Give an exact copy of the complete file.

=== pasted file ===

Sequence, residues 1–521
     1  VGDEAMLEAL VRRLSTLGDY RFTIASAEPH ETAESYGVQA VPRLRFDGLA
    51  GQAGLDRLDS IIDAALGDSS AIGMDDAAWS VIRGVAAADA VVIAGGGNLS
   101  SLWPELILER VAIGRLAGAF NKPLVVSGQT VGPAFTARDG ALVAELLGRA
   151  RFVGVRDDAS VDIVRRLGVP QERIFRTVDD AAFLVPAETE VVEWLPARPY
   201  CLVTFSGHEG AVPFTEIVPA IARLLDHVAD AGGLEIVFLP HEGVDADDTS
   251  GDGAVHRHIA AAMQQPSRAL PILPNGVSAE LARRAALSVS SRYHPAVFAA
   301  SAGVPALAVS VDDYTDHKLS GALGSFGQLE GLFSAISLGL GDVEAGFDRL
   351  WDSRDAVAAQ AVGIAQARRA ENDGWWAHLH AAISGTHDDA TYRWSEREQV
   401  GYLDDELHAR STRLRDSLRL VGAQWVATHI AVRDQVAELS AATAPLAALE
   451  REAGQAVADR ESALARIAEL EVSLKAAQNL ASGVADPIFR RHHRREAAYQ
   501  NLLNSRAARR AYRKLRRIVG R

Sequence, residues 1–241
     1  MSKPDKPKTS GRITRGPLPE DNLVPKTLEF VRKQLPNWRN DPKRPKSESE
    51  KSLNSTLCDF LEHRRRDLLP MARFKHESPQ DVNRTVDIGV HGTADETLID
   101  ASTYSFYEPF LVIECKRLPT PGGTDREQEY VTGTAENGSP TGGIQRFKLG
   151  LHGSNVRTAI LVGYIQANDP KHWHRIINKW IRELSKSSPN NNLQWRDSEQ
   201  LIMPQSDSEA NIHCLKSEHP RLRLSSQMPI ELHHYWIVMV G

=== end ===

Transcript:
Sequence, residues 1–521
     1  VGDEAMLEAL VRRLSTLGDY RFTIASAEPH ETAESYGVQA VPRLRFDGLA
    51  GQAGLDRLDS IIDAALGDSS AIGMDDAAWS VIRGVAAADA VVIAGGGNLS
   101  SLWPELILER VAIGRLAGAF NKPLVVSGQT VGPAFTARDG ALVAELLGRA
   151  RFVGVRDDAS VDIVRRLGVP QERIFRTVDD AAFLVPAETE VVEWLPARPY
   201  CLVTFSGHEG AVPFTEIVPA IARLLDHVAD AGGLEIVFLP HEGVDADDTS
   251  GDGAVHRHIA AAMQQPSRAL PILPNGVSAE LARRAALSVS SRYHPAVFAA
   301  SAGVPALAVS VDDYTDHKLS GALGSFGQLE GLFSAISLGL GDVEAGFDRL
   351  WDSRDAVAAQ AVGIAQARRA ENDGWWAHLH AAISGTHDDA TYRWSEREQV
   401  GYLDDELHAR STRLRDSLRL VGAQWVATHI AVRDQVAELS AATAPLAALE
   451  REAGQAVADR ESALARIAEL EVSLKAAQNL ASGVADPIFR RHHRREAAYQ
   501  NLLNSRAARR AYRKLRRIVG R

Sequence, residues 1–241
     1  MSKPDKPKTS GRITRGPLPE DNLVPKTLEF VRKQLPNWRN DPKRPKSESE
    51  KSLNSTLCDF LEHRRRDLLP MARFKHESPQ DVNRTVDIGV HGTADETLID
   101  ASTYSFYEPF LVIECKRLPT PGGTDREQEY VTGTAENGSP TGGIQRFKLG
   151  LHGSNVRTAI LVGYIQANDP KHWHRIINKW IRELSKSSPN NNLQWRDSEQ
   201  LIMPQSDSEA NIHCLKSEHP RLRLSSQMPI ELHHYWIVMV G